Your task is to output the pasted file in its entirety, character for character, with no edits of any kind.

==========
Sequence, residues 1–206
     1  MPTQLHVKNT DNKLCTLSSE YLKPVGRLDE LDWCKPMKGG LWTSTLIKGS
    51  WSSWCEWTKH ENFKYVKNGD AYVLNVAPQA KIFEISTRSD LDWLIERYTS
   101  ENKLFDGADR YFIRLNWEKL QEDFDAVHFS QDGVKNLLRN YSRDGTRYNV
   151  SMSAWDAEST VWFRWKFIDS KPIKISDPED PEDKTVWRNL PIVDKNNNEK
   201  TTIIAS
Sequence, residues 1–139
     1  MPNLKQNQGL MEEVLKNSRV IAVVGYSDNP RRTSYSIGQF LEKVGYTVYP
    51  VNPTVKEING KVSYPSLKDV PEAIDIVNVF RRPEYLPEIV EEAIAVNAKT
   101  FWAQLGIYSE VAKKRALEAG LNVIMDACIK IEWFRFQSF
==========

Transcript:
Sequence, residues 1–206
     1  MPTQLHVKNT DNKLCTLSSE YLKPVGRLDE LDWCKPMKGG LWTSTLIKGS
    51  WSSWCEWTKH ENFKYVKNGD AYVLNVAPQA KIFEISTRSD LDWLIERYTS
   101  ENKLFDGADR YFIRLNWEKL QEDFDAVHFS QDGVKNLLRN YSRDGTRYNV
   151  SMSAWDAEST VWFRWKFIDS KPIKISDPED PEDKTVWRNL PIVDKNNNEK
   201  TTIIAS
Sequence, residues 1–139
     1  MPNLKQNQGL MEEVLKNSRV IAVVGYSDNP RRTSYSIGQF LEKVGYTVYP
    51  VNPTVKEING KVSYPSLKDV PEAIDIVNVF RRPEYLPEIV EEAIAVNAKT
   101  FWAQLGIYSE VAKKRALEAG LNVIMDACIK IEWFRFQSF